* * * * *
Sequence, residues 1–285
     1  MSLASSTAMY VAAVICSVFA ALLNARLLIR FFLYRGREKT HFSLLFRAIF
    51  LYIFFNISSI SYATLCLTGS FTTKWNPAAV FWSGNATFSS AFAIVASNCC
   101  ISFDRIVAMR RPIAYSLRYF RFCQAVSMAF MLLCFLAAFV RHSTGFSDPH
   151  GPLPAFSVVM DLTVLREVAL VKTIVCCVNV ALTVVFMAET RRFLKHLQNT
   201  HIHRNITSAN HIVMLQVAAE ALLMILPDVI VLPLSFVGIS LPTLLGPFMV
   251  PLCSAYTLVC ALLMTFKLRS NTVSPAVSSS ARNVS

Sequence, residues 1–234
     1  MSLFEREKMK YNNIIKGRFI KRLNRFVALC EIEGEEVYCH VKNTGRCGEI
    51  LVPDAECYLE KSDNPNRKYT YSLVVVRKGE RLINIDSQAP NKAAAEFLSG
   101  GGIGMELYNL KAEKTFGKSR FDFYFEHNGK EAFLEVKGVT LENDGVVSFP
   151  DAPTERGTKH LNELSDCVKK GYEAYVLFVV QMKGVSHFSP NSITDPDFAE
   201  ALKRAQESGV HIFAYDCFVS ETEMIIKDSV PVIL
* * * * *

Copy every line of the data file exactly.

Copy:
Sequence, residues 1–285
     1  MSLASSTAMY VAAVICSVFA ALLNARLLIR FFLYRGREKT HFSLLFRAIF
    51  LYIFFNISSI SYATLCLTGS FTTKWNPAAV FWSGNATFSS AFAIVASNCC
   101  ISFDRIVAMR RPIAYSLRYF RFCQAVSMAF MLLCFLAAFV RHSTGFSDPH
   151  GPLPAFSVVM DLTVLREVAL VKTIVCCVNV ALTVVFMAET RRFLKHLQNT
   201  HIHRNITSAN HIVMLQVAAE ALLMILPDVI VLPLSFVGIS LPTLLGPFMV
   251  PLCSAYTLVC ALLMTFKLRS NTVSPAVSSS ARNVS

Sequence, residues 1–234
     1  MSLFEREKMK YNNIIKGRFI KRLNRFVALC EIEGEEVYCH VKNTGRCGEI
    51  LVPDAECYLE KSDNPNRKYT YSLVVVRKGE RLINIDSQAP NKAAAEFLSG
   101  GGIGMELYNL KAEKTFGKSR FDFYFEHNGK EAFLEVKGVT LENDGVVSFP
   151  DAPTERGTKH LNELSDCVKK GYEAYVLFVV QMKGVSHFSP NSITDPDFAE
   201  ALKRAQESGV HIFAYDCFVS ETEMIIKDSV PVIL